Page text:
Arts and Entertainment

When Alan Ball quit vampire drama True Blood at the end of its fifth season, he knew he was taking a risk. Few US show creators choose their exits – indeed The Walking Dead appears to sack one a season – and to leave, as Ball did, for an as-yet-untested show is the biggest risk of all.

Television: Housekeeping, or how to keep up with the mess next door

Why is `Video Nation' peeping at our domestic habits? By Beverly Pagram

Football: For Hodd's sake, give it to the Invisible Man

IT IS five years ago, almost to the day, since I discussed the feasibility of the England football team being managed from a cell in Wormwood Scrubs and reached the conclusion that not only could it be done but that it would be a very good idea. Now I'm ready to advance the further theory that for the sake of English football's sanity the next coach of the national team should not only operate from behind closed doors but should be completely anonymous.

Why are they famous: Michelle Collins

Main Claim

The irresistible rise of curves

Do I want to get my hands on one of these groovy-looking objects? Yes, I do

Stars who never say diet

Imagine an agricultural world just one step away from our own, where the little chickens, realising that their puffy breasts are below accepted standard will prance about trying to enhance them. Happy porkers will trotter along treadmills to reduce their bellyfat and guzzle hormones and nutritional supplements for ever leaner, ever healthier meat. Cows will delay reproducing to improve their career possibilities in milk production. Sheep will still follow one another; but now they make sure you know they do it out of choice. Animals, after all, are bred for a purpose; surely if they could be encouraged to take that purpose to heart and follow a voluntary route to improved consumability we would be entering a perfect future?

Cinema: If you go down to the Tube today...

THERE ARE parallel universes out there where Rome never fell, where Hitler won the war and where Brad Pitt and Gwyneth Paltrow lived happily ever after. In Sliding Doors (15), writer-director Peter Howitt brushes up his quantum physics to demonstrate that the tiniest events can generate a variety of different futures. Navigating the sort of inter- dimensional anomaly that regularly plagues the cast of Star Trek, he pursues two possible versions of the life of his heroine Helen (played by Gwyneth Paltrow). In the first version of events, she misses her Tube, and so returns home too late to catch her boyfriend, Gerry (a beetle-browned John Lynch), in bed with old flame Lydia (Jeanne Tripplehorn, a terrifying woman with neck sinews as tight and prominent as Deirdre Barlow's). Or maybe it doesn't happen at all ...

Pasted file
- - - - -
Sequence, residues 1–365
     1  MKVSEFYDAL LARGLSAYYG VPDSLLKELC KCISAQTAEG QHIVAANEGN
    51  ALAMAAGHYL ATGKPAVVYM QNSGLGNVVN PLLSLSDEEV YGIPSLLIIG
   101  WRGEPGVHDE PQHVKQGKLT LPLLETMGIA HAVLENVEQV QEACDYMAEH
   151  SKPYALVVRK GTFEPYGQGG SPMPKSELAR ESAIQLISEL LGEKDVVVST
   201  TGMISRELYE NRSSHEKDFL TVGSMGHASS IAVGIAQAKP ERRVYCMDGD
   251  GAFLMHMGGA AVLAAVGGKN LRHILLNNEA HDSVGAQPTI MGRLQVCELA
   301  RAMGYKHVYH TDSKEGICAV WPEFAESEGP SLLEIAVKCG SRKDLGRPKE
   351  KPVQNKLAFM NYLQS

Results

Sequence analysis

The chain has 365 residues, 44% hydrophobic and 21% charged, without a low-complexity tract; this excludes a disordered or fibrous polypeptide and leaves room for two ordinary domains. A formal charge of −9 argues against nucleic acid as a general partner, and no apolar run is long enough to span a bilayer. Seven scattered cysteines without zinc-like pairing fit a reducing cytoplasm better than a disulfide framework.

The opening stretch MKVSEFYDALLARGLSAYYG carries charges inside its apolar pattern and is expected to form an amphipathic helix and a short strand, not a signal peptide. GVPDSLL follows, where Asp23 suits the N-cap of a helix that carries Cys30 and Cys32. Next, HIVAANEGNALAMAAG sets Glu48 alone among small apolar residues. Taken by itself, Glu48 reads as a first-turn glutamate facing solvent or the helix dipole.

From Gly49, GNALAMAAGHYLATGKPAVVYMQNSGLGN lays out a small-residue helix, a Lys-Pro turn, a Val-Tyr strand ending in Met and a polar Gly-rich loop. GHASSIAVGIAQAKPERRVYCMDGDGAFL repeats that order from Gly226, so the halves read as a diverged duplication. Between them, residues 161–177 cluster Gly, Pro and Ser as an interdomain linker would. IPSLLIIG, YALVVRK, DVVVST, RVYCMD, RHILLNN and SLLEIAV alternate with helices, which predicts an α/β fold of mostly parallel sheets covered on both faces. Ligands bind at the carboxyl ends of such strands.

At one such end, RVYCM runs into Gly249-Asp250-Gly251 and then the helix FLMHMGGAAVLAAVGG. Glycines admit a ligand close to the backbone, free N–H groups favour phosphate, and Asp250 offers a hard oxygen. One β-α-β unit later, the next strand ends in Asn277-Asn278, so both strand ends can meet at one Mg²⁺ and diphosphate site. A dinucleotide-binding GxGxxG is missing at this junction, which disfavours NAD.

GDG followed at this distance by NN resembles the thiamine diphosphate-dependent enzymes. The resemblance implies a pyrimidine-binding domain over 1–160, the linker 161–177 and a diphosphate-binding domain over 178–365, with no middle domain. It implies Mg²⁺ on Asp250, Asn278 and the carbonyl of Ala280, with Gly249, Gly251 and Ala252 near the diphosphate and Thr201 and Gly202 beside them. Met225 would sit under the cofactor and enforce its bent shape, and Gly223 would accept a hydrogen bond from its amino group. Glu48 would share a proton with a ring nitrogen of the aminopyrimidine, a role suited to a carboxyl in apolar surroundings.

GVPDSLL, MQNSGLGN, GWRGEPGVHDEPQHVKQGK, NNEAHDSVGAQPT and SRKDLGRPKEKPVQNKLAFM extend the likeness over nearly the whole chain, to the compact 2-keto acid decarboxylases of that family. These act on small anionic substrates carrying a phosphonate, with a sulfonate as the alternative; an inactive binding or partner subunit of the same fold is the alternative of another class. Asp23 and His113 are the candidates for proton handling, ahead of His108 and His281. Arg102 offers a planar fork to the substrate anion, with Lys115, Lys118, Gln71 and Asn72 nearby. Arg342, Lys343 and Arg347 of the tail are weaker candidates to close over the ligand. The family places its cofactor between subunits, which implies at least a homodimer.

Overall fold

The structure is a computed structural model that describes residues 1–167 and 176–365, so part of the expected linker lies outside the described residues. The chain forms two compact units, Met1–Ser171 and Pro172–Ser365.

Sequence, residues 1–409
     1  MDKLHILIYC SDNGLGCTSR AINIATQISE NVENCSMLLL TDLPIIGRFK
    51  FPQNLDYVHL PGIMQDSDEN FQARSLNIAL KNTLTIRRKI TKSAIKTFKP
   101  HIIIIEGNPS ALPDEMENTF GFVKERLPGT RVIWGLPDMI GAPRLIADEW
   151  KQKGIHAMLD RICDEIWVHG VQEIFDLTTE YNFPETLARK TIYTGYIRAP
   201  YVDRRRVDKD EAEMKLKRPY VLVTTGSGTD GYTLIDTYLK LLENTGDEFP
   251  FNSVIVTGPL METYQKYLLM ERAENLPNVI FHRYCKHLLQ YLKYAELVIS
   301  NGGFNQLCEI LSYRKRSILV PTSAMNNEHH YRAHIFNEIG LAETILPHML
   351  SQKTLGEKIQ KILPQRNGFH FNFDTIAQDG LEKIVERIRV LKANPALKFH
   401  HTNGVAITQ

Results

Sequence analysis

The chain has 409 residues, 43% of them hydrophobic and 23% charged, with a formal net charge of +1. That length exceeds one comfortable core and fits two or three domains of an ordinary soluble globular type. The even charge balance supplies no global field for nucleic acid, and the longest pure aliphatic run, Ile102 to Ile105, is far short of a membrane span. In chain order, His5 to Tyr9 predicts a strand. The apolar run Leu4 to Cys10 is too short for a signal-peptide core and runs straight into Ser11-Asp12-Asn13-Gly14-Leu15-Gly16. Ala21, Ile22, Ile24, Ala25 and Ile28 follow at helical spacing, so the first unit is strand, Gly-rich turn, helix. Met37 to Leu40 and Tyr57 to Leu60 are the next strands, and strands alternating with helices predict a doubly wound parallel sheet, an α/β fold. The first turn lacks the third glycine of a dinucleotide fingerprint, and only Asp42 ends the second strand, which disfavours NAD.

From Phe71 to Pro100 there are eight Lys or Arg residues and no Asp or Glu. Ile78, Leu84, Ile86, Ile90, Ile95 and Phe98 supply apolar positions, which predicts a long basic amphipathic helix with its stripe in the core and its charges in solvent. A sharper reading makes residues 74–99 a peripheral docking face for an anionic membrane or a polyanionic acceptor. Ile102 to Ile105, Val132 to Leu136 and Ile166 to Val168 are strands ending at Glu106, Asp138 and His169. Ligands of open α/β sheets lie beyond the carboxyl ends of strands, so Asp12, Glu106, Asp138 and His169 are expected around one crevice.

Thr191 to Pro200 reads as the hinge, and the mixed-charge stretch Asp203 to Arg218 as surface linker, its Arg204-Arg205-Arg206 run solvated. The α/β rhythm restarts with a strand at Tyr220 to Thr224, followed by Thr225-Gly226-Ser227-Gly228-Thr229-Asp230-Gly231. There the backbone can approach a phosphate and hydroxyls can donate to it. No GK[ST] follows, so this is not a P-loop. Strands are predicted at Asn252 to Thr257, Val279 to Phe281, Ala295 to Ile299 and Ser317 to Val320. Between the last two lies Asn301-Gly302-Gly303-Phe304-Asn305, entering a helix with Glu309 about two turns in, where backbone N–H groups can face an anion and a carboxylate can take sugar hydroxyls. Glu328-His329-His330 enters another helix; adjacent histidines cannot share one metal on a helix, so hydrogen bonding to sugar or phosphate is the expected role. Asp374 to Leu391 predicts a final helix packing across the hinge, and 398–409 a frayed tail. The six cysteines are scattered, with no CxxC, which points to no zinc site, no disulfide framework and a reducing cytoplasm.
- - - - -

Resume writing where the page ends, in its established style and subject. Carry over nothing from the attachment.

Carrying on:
Film: Wes, your number's up

The Big Picture: SCREAM 2 Wes Craven (18)

Moments that made the year: Fine romance proves that big isn't necessarily beautiful

The best films can take you back to the first time you were ever held in the spell of the cinema screen, with the smell of popcorn hanging in your nostrils, and the sound of the projector whispering in the distance. There were a handful of pictures this year that made me remember how intoxicating cinema can be. My favourite film of 1997 was Baz Lurhmann's Romeo & Juliet, which proved to be less a case of the film-maker adapting the text than lunging at it with a broad sword. Rather than simply updating the play, Luhrmann dragged the setting into modern times while audaciously keeping the language firmly plugged into the late 16th century. The results were sensual, witty and bold, with moments that made Fellini look like a master of understatement.

What is it with Wes Craven and teenage girls?

There's a specific moment in the horror film Scream, when you just can't believe that it was written and directed by two middle-aged men and not a teenage girl. Unmasking as a psychopathic killer the nice boy she happily lost her virginity to only three reels earlier, Sidney (Neve Campbell) spits, "F*** you". "No," replies her grinning tormentor, "we already played that. You lost."

why are they famous?; courteney cox

Main Claim: Playing uptight Monica, the least popular cast member of cult sitcom Friends. Cox displays a genuine talent for being neither funny nor likeable in a show where even the pet monkey is funny and likeable. But sated with Jennifer Aniston, glossy mags have had to resort to second- best Cox, hence her arrival on the pages of Tatler and Elle this month.

They'll be there for you

What do you do when you've got no Friends? Visit one of their 108 Web sites, says Nicholas Barber

Patten's gaffe brings windfall

John Patten's ill-judged remarks about Professor Tim Brighouse continue to bear fruit for education with the announcement that applications are invited from schools or groups of schools for a limited number of cash grants to help equal-opportunities projects.

The spies who loved each other